Biden may well find that abandoning Afghanistan does not actually take him to a happy place for long. The west has walked away from Afghanistan before, after using the mujahideen against the Russians. We know what happened then: from ungoverned space emerged terrorist camps, al-Qaeda, and 9/11.
The overthrow of Taliban rule following 9/11 was a time of great hope and expectation. Some of us who have been in Afghanistan in the last two months, witnessing the traumatic end of America’s longest war, were also there then, seeing the rebirth of a nation. Colour and light broke through the suffocating, joyless years of Islamist rule. There was music, shops opened, bright posters appeared, women threw off their hijabs. Girls’ schools and language schools sprang up, while modern subjects were introduced into colleges and universities.
People who had fled to Pakistan, Iran and further afield began to return to help rebuild the country. Osama bin Laden had fled to Pakistan after the Americans failed to kill or capture him in Tora Bora, as had the Taliban leadership. There was, at the time, an attempt by some in the Pakistani leadership to hold talks with the US and the UK, but they were rebuffed.
George W Bush assured the Afghans at the time, “You can count on the United States: we shall be staying to ensure security.” Tony Blair declared that “this time we will not walk away”, acknowledging what had happened after the mujahideen’s war with Russia. But the US and the UK walked away again, this time into the disaster of the Iraq war in 2003. Funds for reconstruction were switched over: thinly spread forces were denuded even further. The Taliban, backed by their Pakistani sponsors, moved back into the security vacuum, taking over rural districts and carrying out attacks in the cities.
American and British politicians appeared oblivious to what was happening. Donald Rumsfeld, the US defence secretary at the time, told us in Mazar-e-Sharif that the war was over: “The Taliban are finished, they are marginalised, they will have no future role to play in Afghanistan.” In 2006, with the security situation fraying, the west and its allies were back in Afghanistan with the establishment of Isaf (the International Security Assistance Force). At the request of the Afghan president, Hamid Karzai, British troops in Helmand were sent to small towns to set up bases, effectively challenging the Taliban to a fight.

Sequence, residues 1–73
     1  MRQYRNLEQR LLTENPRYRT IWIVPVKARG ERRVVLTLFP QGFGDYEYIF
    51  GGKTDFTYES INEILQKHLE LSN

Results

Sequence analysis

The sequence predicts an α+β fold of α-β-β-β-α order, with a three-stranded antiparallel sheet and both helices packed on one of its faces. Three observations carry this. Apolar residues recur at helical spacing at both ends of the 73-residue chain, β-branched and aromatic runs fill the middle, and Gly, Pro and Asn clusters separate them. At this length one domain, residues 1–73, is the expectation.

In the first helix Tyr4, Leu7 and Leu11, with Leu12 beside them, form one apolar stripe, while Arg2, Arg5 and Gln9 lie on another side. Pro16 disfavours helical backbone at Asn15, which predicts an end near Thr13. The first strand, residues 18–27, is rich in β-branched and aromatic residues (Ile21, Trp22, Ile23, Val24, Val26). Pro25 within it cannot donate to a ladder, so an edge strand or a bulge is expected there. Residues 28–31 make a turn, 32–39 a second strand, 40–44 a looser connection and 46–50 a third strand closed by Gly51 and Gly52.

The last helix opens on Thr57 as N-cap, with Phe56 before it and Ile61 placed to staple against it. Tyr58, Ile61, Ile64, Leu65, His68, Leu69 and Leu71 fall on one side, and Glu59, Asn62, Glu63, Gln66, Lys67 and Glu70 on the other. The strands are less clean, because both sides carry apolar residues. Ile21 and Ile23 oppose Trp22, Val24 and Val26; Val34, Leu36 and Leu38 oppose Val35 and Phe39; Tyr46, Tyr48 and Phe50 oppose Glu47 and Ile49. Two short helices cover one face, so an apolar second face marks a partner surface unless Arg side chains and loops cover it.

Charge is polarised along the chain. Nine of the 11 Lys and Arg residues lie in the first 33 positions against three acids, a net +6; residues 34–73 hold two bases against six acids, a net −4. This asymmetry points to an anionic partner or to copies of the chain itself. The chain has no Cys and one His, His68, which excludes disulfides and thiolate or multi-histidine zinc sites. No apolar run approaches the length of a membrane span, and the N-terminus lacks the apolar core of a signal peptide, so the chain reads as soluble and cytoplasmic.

Soon Helmand was aflame, as was Kandahar next door where a Canadian force was now in place. The Americans were fighting elsewhere, and the French, Italians and Germans faced varying degrees of violence in the regions where they were based. The conflict spread across the country; there were troop “surges” under US generals David Petraeus and Stan McChrystal. Biden, as the then president Barack Obama’s vice-president, was strongly opposed to sending in extra forces, but he lost the argument.
Biden visited Kabul to hector Karzai and other politicians on governance. He was right to do so. Massive amounts of international money had poured in, and corruption had become endemic, taking place on a massive scale in the senior ranks. The heroin trade was flourishing among politicians and warlords, often with the connivance of the Taliban. Huge garish buildings, “narcotecture”, sprang up in Kabul, some of them rented out to international organisations.
The war continued. The insurgents were driven out of areas they had occupied, but there were never enough troops to hold the ground. In any event, it was impossible to defeat an insurgency as long as it had sanctuary and support across the border. Isaf ended its military mission in 2013, with a relatively small force staying on. A stalemate had been reached, with the Taliban holding swathes of the countryside, while the government held cities and towns. Western casualties were minimal.
Then Trump, who had pledged to bring to troops home, began negotiations with the Taliban, excluding the Afghan government, and signed the Doha deal – which gave the Taliban virtually everything they wanted – and Biden went along with the withdrawal of forces, with the consequences we now see. Afghanistan, from where the 9/11 attacks were planned, has become the place, 20 years on, where the reputation of the US has become tarnished, leaving allies deeply worries and adversaries emboldened.